Self-identity is never a sure thing in Edwin’s short films. It is absolutely relative and rewritten perpetually through every social interaction. This is important when one considers that throughout Suharto's Orde Baru, whose political imagination is still felt to this very day, many films tried to internalize the idea of what and who is an 'Indonesian' according to the ruling class’s interests.
National Superheroes Out of Work: Dealing with Indonesia’s Colonial Legacy through the Cinematic Superhero
Joko Anwar's Gundala (2019) marked the start of a cinematic universe in which superheroes from the Indonesian Bumilangit comics are translated to the big screen. Intriguingly, this trend has been reflected playfully yet thoughtfully years before in Wimar Herdanto's Gundah Gundala (2013), an independent production, in which local superheroes struggle to make a living amid the arrival of global superheroes in Indonesia.
The Indonesian film culture of 1970s and 1980s Malaysia is but one example of how cinema can transcend its national-cultural borders by sharing, exchanging and mobilising culture(s).
A number of intriguing phenomena can be observed in Indonesian film development throughout 2017. In terms of several indicators, such as the number of screens and audience, our cinematic landscape has grown. The number of films circulated in 2017, however, has seen a decline, albeit in an insignificant magnitude, when compared to 2016. Furthermore, if we see the decline of film circulation in 2017 in terms of audience segmentation, we could interpret the data positively.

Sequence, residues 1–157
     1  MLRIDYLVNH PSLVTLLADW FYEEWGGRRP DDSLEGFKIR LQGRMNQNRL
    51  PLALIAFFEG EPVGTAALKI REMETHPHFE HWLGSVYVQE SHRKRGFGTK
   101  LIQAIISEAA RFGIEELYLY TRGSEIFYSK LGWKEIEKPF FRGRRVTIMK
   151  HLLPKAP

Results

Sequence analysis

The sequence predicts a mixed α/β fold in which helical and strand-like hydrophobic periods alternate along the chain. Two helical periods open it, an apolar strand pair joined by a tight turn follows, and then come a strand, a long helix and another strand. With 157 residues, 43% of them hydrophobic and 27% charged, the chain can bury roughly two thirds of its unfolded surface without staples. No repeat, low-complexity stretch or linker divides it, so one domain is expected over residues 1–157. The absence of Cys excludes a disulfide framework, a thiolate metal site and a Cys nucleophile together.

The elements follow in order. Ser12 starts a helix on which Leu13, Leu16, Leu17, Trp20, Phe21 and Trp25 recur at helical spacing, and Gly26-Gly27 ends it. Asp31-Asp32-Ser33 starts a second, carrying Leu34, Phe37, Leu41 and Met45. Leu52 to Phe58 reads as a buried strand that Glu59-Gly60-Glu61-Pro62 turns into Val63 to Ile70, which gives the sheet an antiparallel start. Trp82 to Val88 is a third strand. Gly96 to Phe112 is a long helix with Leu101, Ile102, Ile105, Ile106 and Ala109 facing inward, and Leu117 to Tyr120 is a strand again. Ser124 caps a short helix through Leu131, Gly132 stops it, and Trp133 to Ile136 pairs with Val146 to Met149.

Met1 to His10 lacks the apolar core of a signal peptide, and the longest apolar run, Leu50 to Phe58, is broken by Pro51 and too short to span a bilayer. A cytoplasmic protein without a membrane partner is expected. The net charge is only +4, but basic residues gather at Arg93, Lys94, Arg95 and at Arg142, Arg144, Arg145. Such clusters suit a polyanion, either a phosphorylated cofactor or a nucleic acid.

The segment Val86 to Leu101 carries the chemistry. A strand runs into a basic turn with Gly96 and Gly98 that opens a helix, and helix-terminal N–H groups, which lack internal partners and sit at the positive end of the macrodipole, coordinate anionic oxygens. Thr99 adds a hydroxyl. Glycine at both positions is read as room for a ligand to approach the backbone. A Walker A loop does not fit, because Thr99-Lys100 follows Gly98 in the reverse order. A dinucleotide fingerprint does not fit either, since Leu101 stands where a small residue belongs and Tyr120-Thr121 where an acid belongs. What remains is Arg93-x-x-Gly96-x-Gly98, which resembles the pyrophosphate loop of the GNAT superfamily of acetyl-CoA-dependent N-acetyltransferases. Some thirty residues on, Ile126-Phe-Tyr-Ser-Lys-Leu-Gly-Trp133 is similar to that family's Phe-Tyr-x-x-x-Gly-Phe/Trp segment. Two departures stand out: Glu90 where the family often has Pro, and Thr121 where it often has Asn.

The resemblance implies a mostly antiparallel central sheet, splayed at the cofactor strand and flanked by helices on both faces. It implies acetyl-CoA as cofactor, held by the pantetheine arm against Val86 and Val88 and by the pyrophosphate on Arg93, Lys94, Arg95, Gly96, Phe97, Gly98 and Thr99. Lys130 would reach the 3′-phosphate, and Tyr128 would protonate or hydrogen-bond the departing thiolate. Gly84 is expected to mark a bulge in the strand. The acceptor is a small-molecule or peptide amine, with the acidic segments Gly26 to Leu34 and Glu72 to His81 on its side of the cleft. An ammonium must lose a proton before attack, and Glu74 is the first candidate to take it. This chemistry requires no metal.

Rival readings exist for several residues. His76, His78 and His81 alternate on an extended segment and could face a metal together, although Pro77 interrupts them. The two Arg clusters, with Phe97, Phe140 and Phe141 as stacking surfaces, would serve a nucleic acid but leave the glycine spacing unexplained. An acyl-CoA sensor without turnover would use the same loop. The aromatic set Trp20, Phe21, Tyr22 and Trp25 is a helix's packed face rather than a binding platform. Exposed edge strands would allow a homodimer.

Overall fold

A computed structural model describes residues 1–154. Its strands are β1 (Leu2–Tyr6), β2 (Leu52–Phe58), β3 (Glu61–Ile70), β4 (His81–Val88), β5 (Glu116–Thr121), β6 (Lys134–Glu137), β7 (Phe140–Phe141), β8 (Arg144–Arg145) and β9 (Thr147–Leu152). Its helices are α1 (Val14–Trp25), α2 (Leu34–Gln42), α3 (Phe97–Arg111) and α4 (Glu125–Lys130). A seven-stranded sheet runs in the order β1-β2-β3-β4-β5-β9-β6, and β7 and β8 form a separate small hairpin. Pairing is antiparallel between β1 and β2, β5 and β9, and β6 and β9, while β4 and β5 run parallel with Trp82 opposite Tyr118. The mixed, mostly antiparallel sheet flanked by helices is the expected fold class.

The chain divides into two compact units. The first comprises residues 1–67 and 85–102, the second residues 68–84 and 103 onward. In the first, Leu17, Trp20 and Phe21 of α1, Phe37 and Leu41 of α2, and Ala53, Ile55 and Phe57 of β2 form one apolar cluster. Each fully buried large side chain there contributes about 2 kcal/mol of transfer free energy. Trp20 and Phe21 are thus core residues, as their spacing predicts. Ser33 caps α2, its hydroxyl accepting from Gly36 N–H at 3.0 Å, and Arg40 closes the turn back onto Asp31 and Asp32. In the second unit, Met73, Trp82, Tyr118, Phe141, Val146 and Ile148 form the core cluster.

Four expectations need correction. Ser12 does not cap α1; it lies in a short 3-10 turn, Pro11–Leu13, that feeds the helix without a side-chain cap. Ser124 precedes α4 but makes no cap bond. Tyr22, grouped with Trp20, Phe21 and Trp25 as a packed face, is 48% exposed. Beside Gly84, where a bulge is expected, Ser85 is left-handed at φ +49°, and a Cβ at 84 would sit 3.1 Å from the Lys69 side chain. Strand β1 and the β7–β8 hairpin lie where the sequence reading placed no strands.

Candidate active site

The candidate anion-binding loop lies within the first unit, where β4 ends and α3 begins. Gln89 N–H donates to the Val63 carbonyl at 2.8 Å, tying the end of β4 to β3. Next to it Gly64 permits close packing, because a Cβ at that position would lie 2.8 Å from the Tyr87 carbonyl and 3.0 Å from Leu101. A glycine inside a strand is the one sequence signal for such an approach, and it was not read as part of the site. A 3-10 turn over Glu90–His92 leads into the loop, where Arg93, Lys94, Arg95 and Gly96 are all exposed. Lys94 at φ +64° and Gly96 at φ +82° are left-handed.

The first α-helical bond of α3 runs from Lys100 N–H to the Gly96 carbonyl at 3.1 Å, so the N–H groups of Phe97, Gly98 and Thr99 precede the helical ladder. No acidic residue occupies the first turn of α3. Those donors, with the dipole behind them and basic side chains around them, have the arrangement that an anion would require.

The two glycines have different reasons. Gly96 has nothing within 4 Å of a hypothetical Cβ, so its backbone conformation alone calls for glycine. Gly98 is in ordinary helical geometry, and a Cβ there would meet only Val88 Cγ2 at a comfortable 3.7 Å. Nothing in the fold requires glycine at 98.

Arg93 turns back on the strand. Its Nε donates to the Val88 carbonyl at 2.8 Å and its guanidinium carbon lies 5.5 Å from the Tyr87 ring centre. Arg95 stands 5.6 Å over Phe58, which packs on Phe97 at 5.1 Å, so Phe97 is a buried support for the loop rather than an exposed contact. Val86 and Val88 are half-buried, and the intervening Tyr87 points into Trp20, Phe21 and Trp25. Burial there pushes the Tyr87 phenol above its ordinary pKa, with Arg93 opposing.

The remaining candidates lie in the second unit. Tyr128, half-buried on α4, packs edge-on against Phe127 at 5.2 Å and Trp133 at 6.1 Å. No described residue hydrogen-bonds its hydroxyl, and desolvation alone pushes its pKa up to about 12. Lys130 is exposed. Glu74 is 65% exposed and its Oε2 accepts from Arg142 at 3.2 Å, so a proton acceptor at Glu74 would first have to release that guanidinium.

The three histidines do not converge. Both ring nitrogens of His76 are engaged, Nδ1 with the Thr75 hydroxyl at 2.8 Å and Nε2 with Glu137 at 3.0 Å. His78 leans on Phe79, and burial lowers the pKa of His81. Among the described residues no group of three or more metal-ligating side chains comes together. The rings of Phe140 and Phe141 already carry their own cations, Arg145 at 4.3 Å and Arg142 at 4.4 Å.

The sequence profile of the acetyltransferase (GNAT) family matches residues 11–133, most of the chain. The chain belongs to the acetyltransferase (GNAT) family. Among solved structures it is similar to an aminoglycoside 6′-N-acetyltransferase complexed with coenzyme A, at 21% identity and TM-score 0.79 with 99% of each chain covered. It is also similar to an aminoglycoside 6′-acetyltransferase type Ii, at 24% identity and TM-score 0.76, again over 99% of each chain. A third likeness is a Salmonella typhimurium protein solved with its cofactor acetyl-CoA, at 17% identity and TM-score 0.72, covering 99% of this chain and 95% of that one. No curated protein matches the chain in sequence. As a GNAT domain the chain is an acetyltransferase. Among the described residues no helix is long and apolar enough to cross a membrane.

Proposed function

We need to assess Indonesian cinema further beyond its economic achievements. The measurement needs to be expanded, as films not only serve as commercial commodities, but also as strategic components in cultural interactions. These two functions are inseparable and closely related to each other.
Sudewo, 54, has been a projectionist for 29 years, since the Keong Emas IMAX Theater was still under preparation. Established in 1984, Keong Emas was the largest theater in Southeast Asia in the 1980s with its 840 seats. During those years, Keong Emas was the darling and pride of Jakartans.
The weak position of film adaptations in contemporary discourse can be attributed to several factors, particularly low literacy rates and the corresponding market implications and an emphasis on literature as belles lettres rather than the popular literature from which most films were adapted.
Lab Laba Laba eschew digital technology. They work only with 8mm, 16mm, and 35mm film. Their practice, as it remains militantly dedicated to the filmic strip, reveals the difficulties and complexities of the manner and means in which cinematic technology is instrumentalised for political purposes.